Mallard #24-0204

March 1, 2024
March 7, 2024
Rescue Location
City of Richmond, Virginia
Cause of Admission/Condition
Lead toxicosis, suspected habituation
Former Patient
Patient photo

Last Updated Jump to patient updates

On the evening of February 29, a driver was at a busy four-way intersection in Richmond, when her car’s headlights shone on an unusual sight – an adult Mallard duck standing in the oncoming traffic lane. Despite Mary’s efforts to scare the duck out of the roadway without exiting her vehicle, she was unable to get the Mallard to move. At that point, Mary thought, “There is no way I’m going to watch this duck get hit by a car."

After putting her vehicle in park and turning on the flashers, Mary was able to capture the duck and put her in the safest place she could at the time – the back seat of her car. Mary suspected that the duck was injured, but none of the local wildlife rehabilitation facilities were open at such a late hour, so the Mallard spent the night in her guest bathroom with a bathtub full of water.

The next day, Mary called the Wildlife Center of Virginia, and our front-desk staff determined that the Mallard’s behavior warranted admission to the hospital. Mary transported the duck from Richmond to the Center later that afternoon.


During the intake exam, veterinary staff noted that the Mallard was unusually calm and preening her feathers despite being handled by humans. No obvious physical injuries were found and radiographs were within normal limits, but an emergency blood panel showed that the Mallard was suffering from clinical lead toxicosis of 0.315 ppm – a high lead level that can cause permanent neurologic damage.

Precisely how this duck ingested the lead isn’t known, but the veterinary team suspects that she may have ingested a discarded fishing sinker. Waterfowl like Mallards swallow small pebbles and gravel to help them grind and digest food, and the duck may have mistaken a sinker for a pebble. The team also suspects that the Mallard came from a pond or park where she was regularly fed by people, explaining her lack of fear of humans.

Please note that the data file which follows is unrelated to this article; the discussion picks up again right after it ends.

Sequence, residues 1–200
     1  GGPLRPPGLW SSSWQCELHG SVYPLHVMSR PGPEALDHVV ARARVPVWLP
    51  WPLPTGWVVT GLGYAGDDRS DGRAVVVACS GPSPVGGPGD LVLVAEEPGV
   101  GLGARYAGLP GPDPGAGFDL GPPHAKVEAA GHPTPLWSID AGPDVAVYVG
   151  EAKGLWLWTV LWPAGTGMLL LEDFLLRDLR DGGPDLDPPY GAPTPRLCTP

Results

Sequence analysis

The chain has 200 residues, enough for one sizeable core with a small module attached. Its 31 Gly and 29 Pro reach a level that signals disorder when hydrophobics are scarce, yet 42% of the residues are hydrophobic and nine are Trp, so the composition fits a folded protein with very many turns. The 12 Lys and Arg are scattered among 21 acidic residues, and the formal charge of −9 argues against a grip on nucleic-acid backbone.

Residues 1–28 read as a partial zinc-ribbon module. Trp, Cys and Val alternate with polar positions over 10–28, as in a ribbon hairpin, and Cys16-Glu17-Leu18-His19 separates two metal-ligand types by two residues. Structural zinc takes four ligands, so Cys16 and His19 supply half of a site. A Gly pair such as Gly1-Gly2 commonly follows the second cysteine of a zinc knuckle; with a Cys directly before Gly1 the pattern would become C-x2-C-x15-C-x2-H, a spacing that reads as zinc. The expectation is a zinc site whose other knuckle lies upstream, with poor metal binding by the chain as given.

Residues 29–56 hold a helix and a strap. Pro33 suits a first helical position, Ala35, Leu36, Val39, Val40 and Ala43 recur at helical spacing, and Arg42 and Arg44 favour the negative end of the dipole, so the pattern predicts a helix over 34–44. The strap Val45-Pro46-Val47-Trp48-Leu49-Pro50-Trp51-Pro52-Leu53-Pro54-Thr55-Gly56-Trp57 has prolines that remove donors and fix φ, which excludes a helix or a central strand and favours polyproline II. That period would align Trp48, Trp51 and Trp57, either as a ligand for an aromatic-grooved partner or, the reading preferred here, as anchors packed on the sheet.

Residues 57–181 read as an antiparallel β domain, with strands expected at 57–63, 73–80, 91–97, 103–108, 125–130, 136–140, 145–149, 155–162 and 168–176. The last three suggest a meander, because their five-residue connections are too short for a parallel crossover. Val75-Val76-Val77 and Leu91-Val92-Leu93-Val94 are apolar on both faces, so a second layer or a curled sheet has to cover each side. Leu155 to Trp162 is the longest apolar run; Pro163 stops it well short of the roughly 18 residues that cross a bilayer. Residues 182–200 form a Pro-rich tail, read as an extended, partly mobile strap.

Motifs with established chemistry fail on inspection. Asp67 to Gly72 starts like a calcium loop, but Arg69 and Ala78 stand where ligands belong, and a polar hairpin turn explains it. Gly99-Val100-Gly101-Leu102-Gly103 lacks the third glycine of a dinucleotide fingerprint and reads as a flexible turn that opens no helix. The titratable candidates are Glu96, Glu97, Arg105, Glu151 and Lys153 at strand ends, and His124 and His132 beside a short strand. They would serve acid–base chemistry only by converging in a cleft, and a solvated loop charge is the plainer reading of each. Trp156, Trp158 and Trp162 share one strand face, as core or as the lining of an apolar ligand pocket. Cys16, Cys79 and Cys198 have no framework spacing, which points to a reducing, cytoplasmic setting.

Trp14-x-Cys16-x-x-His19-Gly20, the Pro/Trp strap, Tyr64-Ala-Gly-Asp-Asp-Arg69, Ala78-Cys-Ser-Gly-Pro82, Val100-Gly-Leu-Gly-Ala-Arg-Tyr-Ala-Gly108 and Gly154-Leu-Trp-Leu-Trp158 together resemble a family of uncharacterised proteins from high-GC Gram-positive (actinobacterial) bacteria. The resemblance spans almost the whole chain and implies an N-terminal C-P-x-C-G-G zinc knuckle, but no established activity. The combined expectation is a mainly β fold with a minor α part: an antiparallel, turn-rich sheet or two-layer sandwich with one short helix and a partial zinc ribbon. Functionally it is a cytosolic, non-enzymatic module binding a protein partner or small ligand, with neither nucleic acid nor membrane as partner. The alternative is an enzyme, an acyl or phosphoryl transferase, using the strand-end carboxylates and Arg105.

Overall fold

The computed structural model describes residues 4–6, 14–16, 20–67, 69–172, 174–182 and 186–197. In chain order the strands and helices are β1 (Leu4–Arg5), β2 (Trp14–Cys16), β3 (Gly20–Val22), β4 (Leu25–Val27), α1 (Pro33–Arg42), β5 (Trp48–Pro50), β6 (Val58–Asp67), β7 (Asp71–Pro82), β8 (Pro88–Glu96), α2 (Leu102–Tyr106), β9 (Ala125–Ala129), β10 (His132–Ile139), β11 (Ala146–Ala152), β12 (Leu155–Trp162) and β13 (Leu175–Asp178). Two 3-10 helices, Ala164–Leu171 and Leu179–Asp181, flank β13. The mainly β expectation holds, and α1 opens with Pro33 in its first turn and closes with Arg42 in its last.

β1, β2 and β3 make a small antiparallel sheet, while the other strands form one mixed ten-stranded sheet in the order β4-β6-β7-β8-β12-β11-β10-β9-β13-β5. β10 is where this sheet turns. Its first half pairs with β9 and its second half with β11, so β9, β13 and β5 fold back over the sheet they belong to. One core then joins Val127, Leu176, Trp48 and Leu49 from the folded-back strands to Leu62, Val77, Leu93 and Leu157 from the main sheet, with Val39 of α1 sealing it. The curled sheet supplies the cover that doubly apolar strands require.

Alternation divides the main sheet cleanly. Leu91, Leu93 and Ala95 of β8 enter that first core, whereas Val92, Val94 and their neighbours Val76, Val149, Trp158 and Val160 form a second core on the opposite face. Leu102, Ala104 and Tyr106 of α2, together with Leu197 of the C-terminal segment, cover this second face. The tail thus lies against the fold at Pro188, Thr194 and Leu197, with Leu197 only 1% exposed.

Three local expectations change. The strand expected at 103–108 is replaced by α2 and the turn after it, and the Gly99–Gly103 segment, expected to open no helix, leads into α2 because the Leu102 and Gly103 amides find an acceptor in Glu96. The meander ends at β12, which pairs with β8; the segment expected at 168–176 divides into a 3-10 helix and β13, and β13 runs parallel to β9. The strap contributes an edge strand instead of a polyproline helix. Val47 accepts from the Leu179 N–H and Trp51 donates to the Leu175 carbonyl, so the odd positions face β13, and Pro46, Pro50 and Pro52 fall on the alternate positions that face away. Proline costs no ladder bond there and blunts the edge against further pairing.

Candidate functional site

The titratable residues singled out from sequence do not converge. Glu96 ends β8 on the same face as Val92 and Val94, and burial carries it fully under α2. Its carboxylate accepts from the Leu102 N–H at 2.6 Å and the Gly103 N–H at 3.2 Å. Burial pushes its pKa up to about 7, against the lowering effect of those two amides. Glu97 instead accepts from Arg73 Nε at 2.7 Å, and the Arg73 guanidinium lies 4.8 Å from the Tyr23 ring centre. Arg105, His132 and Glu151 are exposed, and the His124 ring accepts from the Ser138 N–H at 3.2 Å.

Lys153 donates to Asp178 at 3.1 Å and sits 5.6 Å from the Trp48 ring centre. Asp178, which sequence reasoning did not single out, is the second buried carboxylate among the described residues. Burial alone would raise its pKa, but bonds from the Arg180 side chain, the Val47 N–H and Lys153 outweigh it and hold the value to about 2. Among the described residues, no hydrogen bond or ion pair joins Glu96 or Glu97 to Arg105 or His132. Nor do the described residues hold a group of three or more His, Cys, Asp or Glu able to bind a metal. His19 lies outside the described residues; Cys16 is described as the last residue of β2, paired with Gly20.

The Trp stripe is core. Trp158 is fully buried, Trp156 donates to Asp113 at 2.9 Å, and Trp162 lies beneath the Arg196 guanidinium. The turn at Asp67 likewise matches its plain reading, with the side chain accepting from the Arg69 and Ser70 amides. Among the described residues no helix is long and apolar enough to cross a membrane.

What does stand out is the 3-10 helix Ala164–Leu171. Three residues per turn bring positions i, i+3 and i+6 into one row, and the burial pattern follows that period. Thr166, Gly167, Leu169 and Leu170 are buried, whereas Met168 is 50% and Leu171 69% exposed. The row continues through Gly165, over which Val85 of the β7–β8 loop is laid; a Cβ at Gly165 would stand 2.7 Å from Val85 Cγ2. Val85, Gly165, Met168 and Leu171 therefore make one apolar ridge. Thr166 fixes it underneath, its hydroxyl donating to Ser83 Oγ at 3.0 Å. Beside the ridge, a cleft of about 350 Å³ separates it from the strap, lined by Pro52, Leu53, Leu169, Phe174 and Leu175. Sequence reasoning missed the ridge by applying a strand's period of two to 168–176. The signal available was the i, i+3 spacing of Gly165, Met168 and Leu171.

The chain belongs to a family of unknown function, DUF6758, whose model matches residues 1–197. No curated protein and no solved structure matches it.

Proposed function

For now, the Mallard will remain in an outdoor enclosure while veterinary staff perform chelation therapy to remove the lead and evaluate her level of habituation to humans.

Want to help this Mallard? Your donation will help cover the cost of her medical expenses, and that of many other animals admitted during 2024. Thanks for your support!

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Patient Updates

Mallard #24-0204 has been successfully released back into the wild! Throughout the course of its six day-long chelation therapy regimen, veterinary staff noted promising behavioral changes related to its suspected habituation toward humans. As its overall condition improved, it became progressively more resistant to being approached and handled during daily treatments – a good indicator that this duck was ready for release.

On March 7, Wildlife Center Volunteer Transporter Julie Kelly brought the Mallard to a pond near its original location of rescue in Richmond, where it was successfully returned to the wild.

Photo courtesy of Julie Kelly